Arkansas law prohibiting state contracts with companies that abstain from boycotts against Israel declared unconstitutional
The United States (US) Court of Appeals for the Eighth Circuit has ruled that an Arkansas law passed in 2017 that prohibited state contracts with companies refusing to pledge against boycotts on Israel is an unconstitutional violation of the First and Fourteenth Amendments.
According to the 2017 law, contractors were prevented from signing deals with the state unless they agreed to refrain from boycotts against Israel. Contractors could avoid this obligation by offering services at a 20% discount.
The Arkansas Times printed advertisements for a local technical college incorporated into the University of Arkansas System for many years. At the time of renewal of the contract with the college, the Arkansas Times was asked to sign the Israel anti-boycott pledge in order to continue doing business.
They refused, claiming the policy was a violation of their freedom of speech. The American Civil Liberties Union (ACLU) filed a lawsuit on their behalf.
The State of Arkansas argued that boycotts are not protected under the First Amendment because they are "all but invisible absent explanatory speech" and thus not considered expressive content. They also claimed that the law only prohibited an "economic boycott," which is not constitutionally protected.
The Court of Appeals for the Eighth Circuit declared that the law was very broad, focusing on a phrase in the law that prohibits companies contracting with the state from engaging in boycotts "or other actions."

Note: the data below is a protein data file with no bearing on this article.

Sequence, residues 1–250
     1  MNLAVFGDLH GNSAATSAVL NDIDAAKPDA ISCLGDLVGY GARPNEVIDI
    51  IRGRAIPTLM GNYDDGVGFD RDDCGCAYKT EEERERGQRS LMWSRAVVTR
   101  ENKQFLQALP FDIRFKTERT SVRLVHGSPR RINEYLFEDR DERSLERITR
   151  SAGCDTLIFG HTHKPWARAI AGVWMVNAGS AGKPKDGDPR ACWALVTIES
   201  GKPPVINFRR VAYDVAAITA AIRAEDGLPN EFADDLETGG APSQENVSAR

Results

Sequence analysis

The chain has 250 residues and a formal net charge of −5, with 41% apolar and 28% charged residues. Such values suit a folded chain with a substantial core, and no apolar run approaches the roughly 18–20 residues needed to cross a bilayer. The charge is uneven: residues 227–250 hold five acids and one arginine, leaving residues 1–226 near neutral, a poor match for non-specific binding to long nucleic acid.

According to the Court, evidence that a government contractor "has taken the boycott action" in association with others (i.e., "at the request, in compliance with, or in furtherance of calls for a boycott of Israel") can be considered to enforce the Act. At a minimum, therefore, a company's speech and association with others may be considered to determine whether the company is participating in a "boycott of Israel," and the State may refuse to enter into a contract with the company on that basis, thereby limiting what a company may say or do in support of such a boycott.10 In this way, the Act implicates the First Amendment rights of speech, assembly, association, and petition recognized to be constitutionally protected boycott activity.
The Court observed, "Supporting or promoting boycotts of Israel is constitutionally protected under Claiborne, yet the Act requires government contractors to abstain from such constitutionally protected activity. Without any explanation of how this condition seeks to "define the limits of [the State's] spending program," it can be viewed only as seeking to "leverage funding to regulate speech outside the contours of the program itself."
The Court agreed that, while the state could prohibit economic boycotts that do not constitute free speech, the restrictions on "other actions" violated the newspaper's First Amendment rights by preventing contractors "from engaging in boycott activity outside the scope of the contractual relationship "on its own time and dime."
The case was remanded to the district court, where it had previously been dismissed. Twenty-six other states have similar laws in place, several of which have also been challenged by the ACLU.